Words Have Power: On Speech Acts and Presidential Phone Calls

“Sticks and stones can break my bones, but words can never hurt me.”

If only. It’s a lovely sentiment to try to convey to kindergartners, but the true fact is that words have tremendous power in our society. We make promises and commitments. We tell lies that hurt other people. In many ways, we define our reality through the words we use to describe it. We label others, and the label we apply to them changes them in our eyes and the eyes of others.

Linguists describe some phrases as “speech acts.” Actions that happen because of certain words that are spoken by certain individuals. I can go up to a couple of people and say, “I now pronounce you man and wife,” and those words lack any power. I have no authority to do that. But give me that authority and the right ceremony, and suddenly those words pack a punch that they wouldn’t have otherwise had.

Some speech acts are direct. I can ask my son to take out the trash. I can promise to pay you back for lunch. In these cases, it’s obvious to all what’s being discussed and what actions those words are intended to effect. True, I can break my promise, or my son can decide not to take out the trash, but that’s a separate issue.

Some speech acts are indirect. When my son is walking by, I can say, “The trash sure is getting full.” If he’s paying attention, he’ll likely understand that statement is an indirect request for him to take the trash out. I might even follow it up with a statement like, “It sure would be nice if someone took this trash out.” In a like manner, if I meet up with some friends, and one of them has an order of french fries they’re munching on, I could say, “Wow, those sure do look good.” Maybe I’d add, “I sure am hungry.” At no point in time will I have come right out and said, “Please give me some of your fries,” but the implication is there for anyone to see, plain as day.

It’s true, sometimes indirect speech acts fall on deaf ears. My wife might make an observation about how dirty the kitchen is. She might have meant I should mop the floor. Maybe I understand she thinks I should declutter it. Indirect speech acts are only as effective as the understanding between the people communicating. But make no mistake: they’re just as powerful and intentional as direct speech acts, under the right circumstances.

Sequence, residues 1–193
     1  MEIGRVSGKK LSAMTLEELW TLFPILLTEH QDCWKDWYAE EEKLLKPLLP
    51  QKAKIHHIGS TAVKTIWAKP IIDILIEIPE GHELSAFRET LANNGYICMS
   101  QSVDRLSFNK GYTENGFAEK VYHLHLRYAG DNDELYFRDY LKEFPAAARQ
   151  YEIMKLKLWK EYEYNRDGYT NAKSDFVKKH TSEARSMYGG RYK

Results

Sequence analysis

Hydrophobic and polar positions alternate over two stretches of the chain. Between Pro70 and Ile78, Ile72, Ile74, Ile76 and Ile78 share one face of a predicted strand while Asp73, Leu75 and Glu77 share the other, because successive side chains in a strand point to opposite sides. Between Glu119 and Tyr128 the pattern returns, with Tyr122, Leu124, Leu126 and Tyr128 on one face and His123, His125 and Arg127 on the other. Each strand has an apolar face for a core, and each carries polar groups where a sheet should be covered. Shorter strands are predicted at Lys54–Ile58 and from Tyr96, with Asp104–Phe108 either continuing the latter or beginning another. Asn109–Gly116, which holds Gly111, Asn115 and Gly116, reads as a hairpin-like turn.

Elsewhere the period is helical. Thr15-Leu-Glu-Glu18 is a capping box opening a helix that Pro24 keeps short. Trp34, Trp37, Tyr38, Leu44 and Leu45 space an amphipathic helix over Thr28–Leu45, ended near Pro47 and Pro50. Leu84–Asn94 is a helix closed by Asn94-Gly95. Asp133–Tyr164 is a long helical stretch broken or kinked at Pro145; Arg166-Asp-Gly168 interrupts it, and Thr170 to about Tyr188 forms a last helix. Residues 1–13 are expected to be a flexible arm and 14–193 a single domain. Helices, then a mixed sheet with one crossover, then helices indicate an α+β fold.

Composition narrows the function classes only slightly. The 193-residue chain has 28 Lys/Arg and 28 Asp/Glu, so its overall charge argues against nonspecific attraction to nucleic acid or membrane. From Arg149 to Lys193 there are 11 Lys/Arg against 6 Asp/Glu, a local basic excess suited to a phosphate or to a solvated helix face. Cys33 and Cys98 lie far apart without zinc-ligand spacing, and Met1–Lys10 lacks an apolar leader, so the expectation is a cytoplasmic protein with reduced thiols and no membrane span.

Of course, indirect speech acts also open the door for plausible deniability. The person saying those things can say he was kidding. He can say it was a misunderstanding. He can say he meant something else. If, for example, a candidate for office were to stand up and publicly say, “Russia, if you’re listening, I hope you’re able to find the 30,000 emails that are missing. I think you will probably be rewarded mightily by our press,” then the implication is clear to all who hear that. “Russia, hack into whatever servers you need to and find those emails.” But there’s enough space between the person making the request and the intended audience that you can argue it wasn’t a serious request. He never thought they’d actually pay attention.

Remove that amount of space, and the room for misinterpretation plummets. Have a phone call with the new Ukrainian President, for example, and say, “The United States has been very very good to Ukraine.  I would like you to do us a favor. I would like you to find out what happened with Crowdstrike and the DNC hack. That whole nonsense ended with a very poor performance by a man named Robert Mueller, but they say a lot of it started with Ukraine. Whatever you can do, it’s very important that you do it if that’s possible. The other thing, There’s a lot of talk about Biden’s son, that Biden stopped the prosecution and a lot of people want to find out about that so whatever you can do with the Attorney General would be great.” What are you left with?

When someone in authority reminds someone who’s been receiving help from them that they’ve been receiving a lot of help, and then immediately asks that person for “a favor,” what’s really happening? Asking for a favor is a direct speech act. The threat (that they’ll stop getting help if they turn down the favor) is an indirect speech act, but very present nonetheless. The effect that favor had on its audience is quite clear from the conversation.

Does this matter? You’ll have Republicans tell you it’s immaterial. You’ll have Democrats tell you it’s treasonous. But what you’ve got on your hands is a person who keeps pushing the boundaries further and further into territory no politician should be anywhere near, regardless of their affiliation. I would be just as upset if Hilary Clinton did this. I wish people on both sides of the aisle would agree.

Trump has a very casual relationship with words. They mean one thing when he wants them to, and the same exact statement means something else when he wants it to, despite the fact it was given at the same time and place. That might work as a businessman. It doesn’t work as President of the United States, and it’s time he’s reminded of that fact.

Will this give the Republicans the fodder they need to reelect Trump? I don’t know. I’d like to think it will disgust the rest of the country to the point that no one but die hard Republicans will vote for the man. Make a group more and more narrow, and suddenly it matters a whole lot less what that group thinks, when it’s time for elections. But we won’t really know what kind of an effect that’s had until next November. I highly doubt any Republican controlled Senate will boot Trump from office, no matter the circumstances.

But for today, I’m just thinking about speech acts and the power of words.


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